Here's the remarkable musical story told in footage from a black and white version of Love Me Do filmed live in August 63 (with footage from the BBC doco The Mersey Sound) and a performance in Paris of A Hard Day's Night (French fans more reserved than American screamers) through Eight Days a Week at Shea Stadium with footage cut in from a long out-of-print doco of that legendary concert, (the first outdoor stadium show in rock) to songs accompanied by footage from Yellow Submarine, the David Frost Show and their break-up film Let It Be among other sources.
This is pop history in sound and vision.
And the film footage has undergone major digital restoration and enhancement so it all looks as fresh as yesterday, as crisp the re-mastered music.
What also comes through – especially in the 23 additional clips on the Beatles; 1+ set (which would be anyone's preferred option) is the careless disregard the Beatles had for miming along. When others, the rebellious Rolling Stones included, did their best to lip-synch for the cameras the Beatles – John Lennon and McCartney especially – treated the whole idea with amused disdain.
And when marijuana kicked in there are times when Lennon and McCartney could barely contain their laughter, as on the hilariously stoned non-mime for We Can Work It Out, which makes sense when you see the “sheet music” on Lennon's electric piano.
There's much to enjoy, be amused by and question across these groundbreaking films and candid footage.
See Mick'n'Keith mingling with classical musicians wearing penis-noses for the footage accompany A Day in the Life.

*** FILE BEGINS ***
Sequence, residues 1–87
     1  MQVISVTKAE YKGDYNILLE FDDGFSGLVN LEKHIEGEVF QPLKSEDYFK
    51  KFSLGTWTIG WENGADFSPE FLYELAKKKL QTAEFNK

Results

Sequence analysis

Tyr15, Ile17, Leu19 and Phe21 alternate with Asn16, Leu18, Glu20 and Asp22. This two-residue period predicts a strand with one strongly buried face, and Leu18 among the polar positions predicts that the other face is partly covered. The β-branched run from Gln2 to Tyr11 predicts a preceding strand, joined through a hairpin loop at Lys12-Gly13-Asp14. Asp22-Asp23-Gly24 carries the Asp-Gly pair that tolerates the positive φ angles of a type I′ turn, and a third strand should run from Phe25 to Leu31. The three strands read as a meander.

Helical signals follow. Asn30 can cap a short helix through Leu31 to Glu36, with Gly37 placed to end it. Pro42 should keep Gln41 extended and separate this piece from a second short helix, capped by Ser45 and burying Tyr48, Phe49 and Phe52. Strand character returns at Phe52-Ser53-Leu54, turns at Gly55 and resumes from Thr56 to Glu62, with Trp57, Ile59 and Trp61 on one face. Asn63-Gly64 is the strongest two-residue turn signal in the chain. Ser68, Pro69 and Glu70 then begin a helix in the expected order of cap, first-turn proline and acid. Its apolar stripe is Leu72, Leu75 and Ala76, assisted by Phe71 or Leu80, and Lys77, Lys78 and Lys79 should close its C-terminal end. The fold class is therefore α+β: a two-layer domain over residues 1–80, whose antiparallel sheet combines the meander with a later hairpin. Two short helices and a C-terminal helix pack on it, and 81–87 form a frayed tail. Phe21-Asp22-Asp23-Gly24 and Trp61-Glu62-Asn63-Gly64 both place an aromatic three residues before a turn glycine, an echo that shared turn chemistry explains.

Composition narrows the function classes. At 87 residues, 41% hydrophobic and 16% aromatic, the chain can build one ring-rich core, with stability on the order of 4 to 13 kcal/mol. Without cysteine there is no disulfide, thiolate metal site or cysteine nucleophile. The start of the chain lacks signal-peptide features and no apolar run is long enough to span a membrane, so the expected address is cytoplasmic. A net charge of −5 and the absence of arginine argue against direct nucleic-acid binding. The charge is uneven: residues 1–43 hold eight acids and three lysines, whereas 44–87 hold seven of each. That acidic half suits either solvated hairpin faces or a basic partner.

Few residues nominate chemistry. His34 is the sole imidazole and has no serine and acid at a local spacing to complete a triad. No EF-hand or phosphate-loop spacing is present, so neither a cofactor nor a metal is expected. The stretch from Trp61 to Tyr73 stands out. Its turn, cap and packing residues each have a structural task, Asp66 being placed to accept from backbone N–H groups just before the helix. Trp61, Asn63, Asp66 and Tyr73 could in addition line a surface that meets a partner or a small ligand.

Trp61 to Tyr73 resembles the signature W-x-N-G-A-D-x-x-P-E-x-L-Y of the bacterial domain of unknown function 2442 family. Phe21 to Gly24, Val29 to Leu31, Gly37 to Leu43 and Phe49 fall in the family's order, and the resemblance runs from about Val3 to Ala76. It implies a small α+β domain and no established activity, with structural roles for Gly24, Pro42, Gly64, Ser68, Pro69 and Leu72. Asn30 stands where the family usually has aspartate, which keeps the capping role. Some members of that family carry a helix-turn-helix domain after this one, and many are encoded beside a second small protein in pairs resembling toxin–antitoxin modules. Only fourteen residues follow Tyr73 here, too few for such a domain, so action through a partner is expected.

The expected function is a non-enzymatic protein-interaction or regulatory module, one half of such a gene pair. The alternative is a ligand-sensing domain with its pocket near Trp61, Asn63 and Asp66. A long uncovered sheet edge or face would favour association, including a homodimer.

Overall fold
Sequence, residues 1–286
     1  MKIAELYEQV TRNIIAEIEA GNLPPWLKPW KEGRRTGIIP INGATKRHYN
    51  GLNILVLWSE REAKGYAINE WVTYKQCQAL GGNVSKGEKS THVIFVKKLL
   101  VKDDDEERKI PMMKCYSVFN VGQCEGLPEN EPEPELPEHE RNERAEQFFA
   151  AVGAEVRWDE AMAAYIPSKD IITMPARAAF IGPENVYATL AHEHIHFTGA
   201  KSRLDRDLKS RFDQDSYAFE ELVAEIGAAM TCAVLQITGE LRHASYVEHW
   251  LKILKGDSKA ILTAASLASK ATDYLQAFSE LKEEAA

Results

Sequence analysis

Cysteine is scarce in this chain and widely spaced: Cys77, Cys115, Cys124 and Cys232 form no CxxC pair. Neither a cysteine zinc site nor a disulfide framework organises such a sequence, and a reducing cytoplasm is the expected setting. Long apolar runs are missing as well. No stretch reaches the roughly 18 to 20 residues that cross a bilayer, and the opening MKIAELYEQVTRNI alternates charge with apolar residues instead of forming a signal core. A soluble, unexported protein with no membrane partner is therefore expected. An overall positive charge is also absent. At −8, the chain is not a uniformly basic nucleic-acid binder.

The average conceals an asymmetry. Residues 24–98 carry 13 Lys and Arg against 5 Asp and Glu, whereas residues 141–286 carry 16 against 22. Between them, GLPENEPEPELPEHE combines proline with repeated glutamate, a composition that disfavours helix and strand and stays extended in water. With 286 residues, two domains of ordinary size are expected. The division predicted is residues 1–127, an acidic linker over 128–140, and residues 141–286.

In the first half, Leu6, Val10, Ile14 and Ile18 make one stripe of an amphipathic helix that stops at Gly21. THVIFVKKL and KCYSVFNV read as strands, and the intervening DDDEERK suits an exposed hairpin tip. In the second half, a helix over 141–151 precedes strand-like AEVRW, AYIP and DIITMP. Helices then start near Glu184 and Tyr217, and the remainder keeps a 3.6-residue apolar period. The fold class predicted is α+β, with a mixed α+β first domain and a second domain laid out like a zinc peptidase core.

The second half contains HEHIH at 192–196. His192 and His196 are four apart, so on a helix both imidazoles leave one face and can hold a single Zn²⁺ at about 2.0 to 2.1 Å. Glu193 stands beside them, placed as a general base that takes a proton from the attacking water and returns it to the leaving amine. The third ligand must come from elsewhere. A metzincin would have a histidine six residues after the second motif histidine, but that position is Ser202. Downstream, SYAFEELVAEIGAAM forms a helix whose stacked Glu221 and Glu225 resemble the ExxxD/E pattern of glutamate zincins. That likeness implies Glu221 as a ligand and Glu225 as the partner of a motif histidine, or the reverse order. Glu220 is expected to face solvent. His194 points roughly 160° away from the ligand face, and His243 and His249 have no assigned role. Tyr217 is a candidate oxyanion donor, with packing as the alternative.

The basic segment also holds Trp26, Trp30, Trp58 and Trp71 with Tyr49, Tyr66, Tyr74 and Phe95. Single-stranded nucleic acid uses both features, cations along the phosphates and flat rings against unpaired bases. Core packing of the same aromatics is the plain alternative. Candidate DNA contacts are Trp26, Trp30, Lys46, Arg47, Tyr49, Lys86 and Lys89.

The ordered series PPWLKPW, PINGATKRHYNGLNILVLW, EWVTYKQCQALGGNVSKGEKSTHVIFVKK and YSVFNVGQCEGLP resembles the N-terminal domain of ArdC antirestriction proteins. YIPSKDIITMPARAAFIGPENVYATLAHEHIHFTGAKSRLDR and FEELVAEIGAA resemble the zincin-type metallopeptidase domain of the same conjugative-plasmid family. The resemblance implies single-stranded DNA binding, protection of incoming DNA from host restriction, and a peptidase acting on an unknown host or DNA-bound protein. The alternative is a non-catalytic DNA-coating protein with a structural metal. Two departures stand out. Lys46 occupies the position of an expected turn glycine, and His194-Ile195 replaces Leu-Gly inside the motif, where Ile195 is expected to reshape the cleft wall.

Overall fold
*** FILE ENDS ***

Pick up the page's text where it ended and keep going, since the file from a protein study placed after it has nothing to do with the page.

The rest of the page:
Turn off your mind and slide into the newly minted clip for the Love album mash-up of Tomorrow Never Knows/Within You Without You.
See Brian Epstein fussing around in his NEMS record shop in footage slipped into the new clip for Love Me Do.
Why would they be so artfully filmed eating fish'n'chips out of a newspaper and making chip-butties for the clip to accompany I Feel Fine?
Just how did McCartney chip that front tooth some time in early '65 and why didn't he see a dentist? (Oh, that's right, they did go to a dentist . . . and he gave them LSD).
So how come the unsmiling Harrison (even when obviously stoned) got a reputation for being . . . unsmiling?
Does George really say, “John smells like shit” just as the bruisingly distorted version of Revolution kicks off ?
Hard to believe but half a century on, the Beatles still have the capacity to entertain.
And when it comes to music with pictures, here was the band which created the notion of iconic images (collarless jackets and polo-neck sweaters of the early Sixties to tinted shades then retro-chic suits by the end of the decade) and everyone from Noel Gallagher to Justin Bieber and that guy from Glee copped Lennon's mid '65 hairstyle.
And they managed to make memorable hit singles along the way.
A whopping 27 of them – now with complete with evocative and often exciting films – topping the charts in just seven, culture-changing extraordinary years.
Who knew that Elvis' gold-plated Cadillac going on tour would have such a profound influence?
There is more on the Beatles at Elsewhere starting here. Take a deep breath.